Delft University of Technology
Faculty Mechanical, Maritime and Materials Engineering
Transport Technology

J.J. Kroes Facilities for the import of bulk materials
Literature survey, Report 2004.TT.6871, Transport Engineering and Logistics.

Bulk handling is done in many ports all over the world. In the past, a considerable increase of scales in bulk export terminals has been realised (sometimes up to 10.000 tons/hour per loading machine). Some import terminals for bulk materials have realised new facilities with larger handling capacities as well and due to the ongoing growth for some bulk commodities it is expected that new facilities are to be planned in many bulk importing ports in the coming 5-10 years.

The research in this assignment covers the following topics:
This report consists of a study of facilities for the import of bulk materials.

The report includes a summary of the world wide most important ports/terminals, indicating size and dominant commodities. The summary is based on an older list by Ocean Shipping Consultants Limited "Bulk port and trade development: The Investment Outlook", published 1996. The information for this list is updated where possible and is organized in two tables. One table focuses on the achieved throughput of a port or terminal, the other on the capacity for handling and storage. The tables are located in appendix I of the report. The setup of the tables is shown here, for a further detailed explanation see chapter 2 of the report.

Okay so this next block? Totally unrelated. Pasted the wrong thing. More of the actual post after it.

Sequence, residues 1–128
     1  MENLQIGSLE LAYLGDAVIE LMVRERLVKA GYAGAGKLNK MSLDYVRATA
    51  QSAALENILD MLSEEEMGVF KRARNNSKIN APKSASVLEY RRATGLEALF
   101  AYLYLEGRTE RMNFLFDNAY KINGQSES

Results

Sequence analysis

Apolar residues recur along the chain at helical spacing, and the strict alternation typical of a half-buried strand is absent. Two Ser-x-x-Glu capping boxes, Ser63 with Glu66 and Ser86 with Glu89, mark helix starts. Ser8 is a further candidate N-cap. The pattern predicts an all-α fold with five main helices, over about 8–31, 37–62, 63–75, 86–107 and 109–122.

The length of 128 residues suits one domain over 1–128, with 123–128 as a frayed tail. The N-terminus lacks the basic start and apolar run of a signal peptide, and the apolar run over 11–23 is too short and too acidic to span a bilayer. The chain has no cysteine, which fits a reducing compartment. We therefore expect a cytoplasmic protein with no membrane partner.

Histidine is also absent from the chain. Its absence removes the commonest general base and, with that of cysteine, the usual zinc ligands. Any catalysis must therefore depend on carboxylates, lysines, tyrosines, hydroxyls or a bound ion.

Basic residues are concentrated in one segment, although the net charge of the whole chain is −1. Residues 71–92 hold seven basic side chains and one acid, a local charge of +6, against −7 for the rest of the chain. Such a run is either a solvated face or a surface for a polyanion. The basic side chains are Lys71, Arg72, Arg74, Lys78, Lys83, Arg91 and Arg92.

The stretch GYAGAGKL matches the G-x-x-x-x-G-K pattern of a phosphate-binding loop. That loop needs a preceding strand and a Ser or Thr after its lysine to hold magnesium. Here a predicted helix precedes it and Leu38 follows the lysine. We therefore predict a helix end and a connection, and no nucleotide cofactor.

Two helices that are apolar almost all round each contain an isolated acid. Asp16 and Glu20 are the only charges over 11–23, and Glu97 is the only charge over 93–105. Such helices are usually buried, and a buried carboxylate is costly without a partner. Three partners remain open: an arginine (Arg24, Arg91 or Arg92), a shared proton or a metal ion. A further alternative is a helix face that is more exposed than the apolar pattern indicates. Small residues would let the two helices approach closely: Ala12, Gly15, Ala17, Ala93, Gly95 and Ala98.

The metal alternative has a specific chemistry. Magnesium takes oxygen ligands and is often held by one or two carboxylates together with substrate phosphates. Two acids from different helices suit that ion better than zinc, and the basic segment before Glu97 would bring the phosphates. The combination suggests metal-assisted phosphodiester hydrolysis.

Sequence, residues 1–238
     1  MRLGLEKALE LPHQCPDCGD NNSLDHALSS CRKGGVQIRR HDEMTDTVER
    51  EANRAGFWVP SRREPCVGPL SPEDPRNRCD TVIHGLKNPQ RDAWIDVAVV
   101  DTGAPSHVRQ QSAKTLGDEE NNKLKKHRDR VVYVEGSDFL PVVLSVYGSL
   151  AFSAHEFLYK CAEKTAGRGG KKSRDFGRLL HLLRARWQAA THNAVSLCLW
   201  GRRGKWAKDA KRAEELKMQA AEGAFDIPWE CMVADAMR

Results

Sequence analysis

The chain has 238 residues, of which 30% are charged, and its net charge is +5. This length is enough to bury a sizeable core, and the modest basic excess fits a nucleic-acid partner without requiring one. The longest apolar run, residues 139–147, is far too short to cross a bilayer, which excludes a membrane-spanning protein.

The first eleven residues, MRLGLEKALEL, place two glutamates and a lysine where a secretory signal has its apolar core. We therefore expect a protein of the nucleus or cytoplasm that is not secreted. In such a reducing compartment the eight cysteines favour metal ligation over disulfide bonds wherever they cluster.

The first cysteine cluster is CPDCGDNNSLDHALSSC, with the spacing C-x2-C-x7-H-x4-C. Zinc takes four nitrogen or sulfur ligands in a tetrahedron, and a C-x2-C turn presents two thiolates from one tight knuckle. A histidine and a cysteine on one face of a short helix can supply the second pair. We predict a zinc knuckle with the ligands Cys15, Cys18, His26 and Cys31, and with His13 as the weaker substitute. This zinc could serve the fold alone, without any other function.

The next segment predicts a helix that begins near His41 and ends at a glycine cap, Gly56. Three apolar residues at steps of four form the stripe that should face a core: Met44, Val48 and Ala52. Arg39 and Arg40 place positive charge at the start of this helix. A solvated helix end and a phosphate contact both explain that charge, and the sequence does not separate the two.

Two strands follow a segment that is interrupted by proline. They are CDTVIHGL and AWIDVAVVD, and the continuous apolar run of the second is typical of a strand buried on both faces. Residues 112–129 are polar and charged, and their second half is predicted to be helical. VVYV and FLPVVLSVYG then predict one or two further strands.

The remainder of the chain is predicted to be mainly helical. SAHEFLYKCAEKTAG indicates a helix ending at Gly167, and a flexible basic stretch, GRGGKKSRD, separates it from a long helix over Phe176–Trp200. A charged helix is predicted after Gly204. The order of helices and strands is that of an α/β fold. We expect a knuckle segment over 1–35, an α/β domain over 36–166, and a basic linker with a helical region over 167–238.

This report also includes a summary of applied systems and equipment for handling and storage of dry bulk materials and some characteristic information about this equipment. The basic setup for this summary is a picture of the equipment, with information about capacities and other data next to it. This summary is located in appendix II of the report. An example is shown here:

A description of key material characteristics is given, pertaining to the specific weight, angle of repose, lump size, etc. The information is based on manuals from the conveying industry, and the common materials have been selected on basis of recurrence and the advice of ing. M.J. Willekes. A list of common dry bulk materials and their key characteristics is given in appendix III. This list is as shown here:

Finally, an analysis of trends in the dry bulk material handling import facilities is made. This analysis is made from extensive literature research in journals and websites concerning dry bulk handling and related issues.

The main trends are:

Reports on Transport Engineering and Logistics (in Dutch)
Modified: 2005.07.03; , TU Delft / 3mE / TT / LT.